The question suggests that there is a place, but what happens when you need to go somewhere that does not have a location? When we want to go somewhere, we turn to the tried and tested tools we have, such as maps, directions and descriptions, but these all fall away when the place does not physically exist.
Love does not have a place; neither does trust, risk, faith, hope, charm, courage, bravery, humility or happiness. However, we associate feelings with a place, smell, image or sound because we know that our feelings are not tied to a location, but at that place, we can find and re-discover the same feeling.
In the peak paradox framework, I had always placed the peak of the paradoxes in the centre because it appeared that at the centre is where you would have to wrestle equally with all the dilemmas that individuals and teams create as they try to optimise for their own preferences.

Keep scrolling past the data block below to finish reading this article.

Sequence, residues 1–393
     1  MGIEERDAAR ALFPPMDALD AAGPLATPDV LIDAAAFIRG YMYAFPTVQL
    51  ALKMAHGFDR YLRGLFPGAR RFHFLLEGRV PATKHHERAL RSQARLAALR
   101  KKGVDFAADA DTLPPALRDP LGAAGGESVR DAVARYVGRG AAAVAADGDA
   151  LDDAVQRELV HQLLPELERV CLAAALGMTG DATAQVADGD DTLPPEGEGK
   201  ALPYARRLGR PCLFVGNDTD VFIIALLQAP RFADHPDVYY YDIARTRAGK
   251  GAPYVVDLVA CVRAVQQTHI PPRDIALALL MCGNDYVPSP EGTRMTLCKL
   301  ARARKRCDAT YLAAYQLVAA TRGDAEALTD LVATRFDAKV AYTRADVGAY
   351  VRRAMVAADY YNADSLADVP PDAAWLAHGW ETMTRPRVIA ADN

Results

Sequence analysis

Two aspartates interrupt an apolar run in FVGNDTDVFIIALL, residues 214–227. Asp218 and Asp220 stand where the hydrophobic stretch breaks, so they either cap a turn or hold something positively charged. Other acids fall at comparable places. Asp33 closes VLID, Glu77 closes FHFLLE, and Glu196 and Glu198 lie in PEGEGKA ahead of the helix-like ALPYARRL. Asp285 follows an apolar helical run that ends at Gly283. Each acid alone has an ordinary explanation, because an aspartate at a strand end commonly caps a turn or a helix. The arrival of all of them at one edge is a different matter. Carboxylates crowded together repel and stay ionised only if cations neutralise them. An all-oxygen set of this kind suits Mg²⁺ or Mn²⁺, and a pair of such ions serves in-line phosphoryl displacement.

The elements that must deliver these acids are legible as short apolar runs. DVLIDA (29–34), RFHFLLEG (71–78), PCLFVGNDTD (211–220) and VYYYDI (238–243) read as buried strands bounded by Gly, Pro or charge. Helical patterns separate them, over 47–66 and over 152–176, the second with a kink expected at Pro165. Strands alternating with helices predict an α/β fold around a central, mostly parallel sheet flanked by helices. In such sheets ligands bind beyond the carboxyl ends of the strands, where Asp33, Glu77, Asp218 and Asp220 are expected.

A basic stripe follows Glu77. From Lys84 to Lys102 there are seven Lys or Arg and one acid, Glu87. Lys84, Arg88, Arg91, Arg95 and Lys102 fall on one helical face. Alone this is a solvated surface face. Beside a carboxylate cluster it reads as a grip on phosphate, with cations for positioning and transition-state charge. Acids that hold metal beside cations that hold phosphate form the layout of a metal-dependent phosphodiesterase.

I had to rethink this, and I now think that the peak paradox is wherever you are now. It follows you to where you are; it is attracted to you and arrives a little after you. However, your context, your moment and your situation mean that you are facing right now your peak paradox.
Peak Paradox is wherever you are at this moment.
Peak Paradox is a term also used in the field of economics to describe a situation where increased efficiency leads to decreased overall productivity. This happens because the optimisation for one aspect of the process leads to an overall diminishing of productivity. It is essentially why there is a balance to be struck between efficiency gains and overall productivity. However, where peak paradox occurs in the economic definition depends on where you have elected to optimise for, and that changes. It is not a fixed place.